Cambridgeshire Bird Atlas 2007-2011 provides a complete and comprehensive overview of the summer and winter distribution and abundance of birds in the county. There are 500 detailed maps which show where 167 bird species can be found breeding or wintering. Facing the maps are expert species accounts interpreting the maps and placing them in historical and national context.
Cambridgeshire Bird Atlas 2007-2011 has been compiled from data collected for the British Trust for Ornithology's national UK Bird Atlas 2007-2011. That project, perhaps one of the largest examples of 'citizen science' ever undertaken, involved over 40,000 enthusiastic volunteer surveyors over four summers and winters.
For this Cambridgeshire Bird Atlas 2007-2011, almost a thousand contributors – from professional ornithologists to ordinary birdwatching members of the public – provided details of the birds they saw, either during timed visits to specific Ordnance Survey squares, or as roving records through the seasons. Species have been mapped at a closer level of detail than for the national atlas – at the 2 km square level; there are just short of one thousand such squares within the county boundary. Records were received from 90% of these squares.
The readable species accounts in the Cambridgeshire Bird Atlas 2007-2011 will be accessible to birdwatchers, or anyone interested in wildlife, at whatever level of expertise. Cambridgeshire Bird Atlas 2007-2011 maps and data will also be highly relevant to local government, to schools, and to other agencies, institutions and organisations involved with planning, land-use, ecology, the environment and nature conservation in Cambridgeshire and Peterborough.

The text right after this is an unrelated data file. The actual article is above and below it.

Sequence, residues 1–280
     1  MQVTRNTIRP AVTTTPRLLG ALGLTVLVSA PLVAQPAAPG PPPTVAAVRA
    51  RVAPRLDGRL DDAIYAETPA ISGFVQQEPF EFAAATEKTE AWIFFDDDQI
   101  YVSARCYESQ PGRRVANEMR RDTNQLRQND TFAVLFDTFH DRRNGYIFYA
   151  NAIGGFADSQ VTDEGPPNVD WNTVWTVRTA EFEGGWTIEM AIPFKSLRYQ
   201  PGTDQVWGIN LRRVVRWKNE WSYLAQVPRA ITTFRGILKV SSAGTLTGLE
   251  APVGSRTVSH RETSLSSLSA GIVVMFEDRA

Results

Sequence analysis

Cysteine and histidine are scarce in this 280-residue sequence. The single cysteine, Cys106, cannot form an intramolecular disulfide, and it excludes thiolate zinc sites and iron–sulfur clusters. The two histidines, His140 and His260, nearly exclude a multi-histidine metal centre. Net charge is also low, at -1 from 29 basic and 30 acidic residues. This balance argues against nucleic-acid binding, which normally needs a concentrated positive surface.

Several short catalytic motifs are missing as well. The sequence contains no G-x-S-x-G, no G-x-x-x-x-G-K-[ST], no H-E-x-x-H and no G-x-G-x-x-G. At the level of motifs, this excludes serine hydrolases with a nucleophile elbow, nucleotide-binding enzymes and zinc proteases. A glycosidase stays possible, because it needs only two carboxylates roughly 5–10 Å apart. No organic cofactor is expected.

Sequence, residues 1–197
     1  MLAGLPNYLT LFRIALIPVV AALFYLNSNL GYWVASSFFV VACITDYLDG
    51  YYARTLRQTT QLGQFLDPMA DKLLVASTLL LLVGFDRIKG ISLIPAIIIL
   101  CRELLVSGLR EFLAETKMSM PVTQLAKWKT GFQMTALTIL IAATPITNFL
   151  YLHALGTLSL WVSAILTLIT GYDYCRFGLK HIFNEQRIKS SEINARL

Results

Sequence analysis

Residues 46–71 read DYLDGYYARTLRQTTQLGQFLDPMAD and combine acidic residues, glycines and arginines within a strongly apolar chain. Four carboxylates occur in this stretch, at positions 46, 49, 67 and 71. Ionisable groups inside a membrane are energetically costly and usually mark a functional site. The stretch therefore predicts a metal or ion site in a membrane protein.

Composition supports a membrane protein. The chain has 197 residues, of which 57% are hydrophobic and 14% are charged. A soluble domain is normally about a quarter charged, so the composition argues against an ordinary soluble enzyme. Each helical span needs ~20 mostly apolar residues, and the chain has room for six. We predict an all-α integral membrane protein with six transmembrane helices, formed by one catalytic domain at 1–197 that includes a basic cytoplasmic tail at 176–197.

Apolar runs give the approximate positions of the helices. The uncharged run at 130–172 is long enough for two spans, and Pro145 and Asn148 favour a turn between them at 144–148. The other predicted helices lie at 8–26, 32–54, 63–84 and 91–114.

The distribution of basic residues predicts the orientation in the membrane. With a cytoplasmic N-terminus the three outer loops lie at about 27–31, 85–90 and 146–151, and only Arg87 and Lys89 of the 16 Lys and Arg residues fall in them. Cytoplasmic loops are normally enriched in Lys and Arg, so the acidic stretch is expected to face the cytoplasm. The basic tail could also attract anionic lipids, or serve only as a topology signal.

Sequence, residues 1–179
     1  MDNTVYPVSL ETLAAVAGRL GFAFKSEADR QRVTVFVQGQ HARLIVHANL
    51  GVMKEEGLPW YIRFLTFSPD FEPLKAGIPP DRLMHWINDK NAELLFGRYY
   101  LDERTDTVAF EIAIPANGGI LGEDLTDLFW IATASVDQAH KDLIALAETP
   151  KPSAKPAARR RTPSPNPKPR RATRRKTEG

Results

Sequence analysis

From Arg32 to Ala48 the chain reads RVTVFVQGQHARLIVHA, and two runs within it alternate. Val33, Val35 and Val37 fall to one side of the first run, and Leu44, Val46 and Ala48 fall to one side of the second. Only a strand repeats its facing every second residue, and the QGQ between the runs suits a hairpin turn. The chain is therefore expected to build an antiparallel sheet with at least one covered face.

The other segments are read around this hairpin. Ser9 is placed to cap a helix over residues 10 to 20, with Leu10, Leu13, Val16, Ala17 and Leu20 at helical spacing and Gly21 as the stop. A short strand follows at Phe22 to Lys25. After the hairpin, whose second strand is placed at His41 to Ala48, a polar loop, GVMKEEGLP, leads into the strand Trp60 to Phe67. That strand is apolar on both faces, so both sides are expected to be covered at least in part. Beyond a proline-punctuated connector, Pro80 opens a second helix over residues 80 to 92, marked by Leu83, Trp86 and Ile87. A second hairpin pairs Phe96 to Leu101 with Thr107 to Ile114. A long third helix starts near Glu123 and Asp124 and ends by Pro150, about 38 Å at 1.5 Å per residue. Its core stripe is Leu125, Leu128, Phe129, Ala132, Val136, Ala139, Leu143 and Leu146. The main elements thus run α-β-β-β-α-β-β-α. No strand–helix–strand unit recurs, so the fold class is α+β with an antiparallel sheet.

"[...] This is an affordable and admirably concise work, making good use of the statistics obtained from the national Atlas. [...]"
- David Ballance, Ibis (2014), 156, 478–489
"Almost 60 years after I learnt so much from the (then) Cambridge Bird Club, and 50 years since bird mapping was first mooted, the fourth BTO national atlas (and the first dual-season atlas) is imminent. Trailing it in Cambridgeshire comes this handy, more locally focused and informative reworking of the 2007–11 data. It presents a full snapshot of how birds currently use the county’s diverse habitats. It also represents past findings from earlier mapped surveys, stretching back to 1979–83 and other historically significant records. It disclaims, however, any attempt to be a complete avifauna or site guide.
The book opens with 12 crisp pages of scene setting, method summary and main avifaunal changes. Its core product comes from 267 pages of 199 species accounts. Resident birds are accorded up to a full page of text, two pairs of summer and winter maps showing both distribution and abundance, and a digest of status. One-season birds get generally less text and just one pair of maps; a few scarcities warrant only comment. Overall, the presentation of facts and places is concise and clear, and among the 51 black-and-white drawings there are some real gems. Given the restricted page area (248 × 170 mm) the maps are small and, for easy distinction of the tiny coloured symbols, I recommend a magnifying glass.
While I was generally impressed with the remarkably detailed reprise of an avifauna that I so enjoyed six decades ago, one feature made me itch. The headline estimates of county populations were derived ‘downwards’ by proportionate spatial recalculations of the recent UK population figures (Brit. Birds 106: 64–100). Surely, the 906 ‘citizen scientists’ who reached all but five of the county’s 969 tetrads (and made dual-season visits to at least 75% of them) would have been better rewarded by the ‘upwards’ construction of locally informed and thus more sensitive figures. Why were the team of 16 authors so shy of expanding the final appendix of atlas effort into just such an attempt?
Owing to the county’s wealth of old and new wetlands and nearly 60 reserves, the birds of Cambridgeshire seem better set than those of many other English counties. Only the balance of trends for seed-eaters is woeful. No chance today of jumping on a bike and finding a Cirl Bunting Emberiza cirlus within 40 minutes of pedalling from the city’s centre!"
- D. I. M. Wallace, www.britishbirds.co.uk, 27-12-2013
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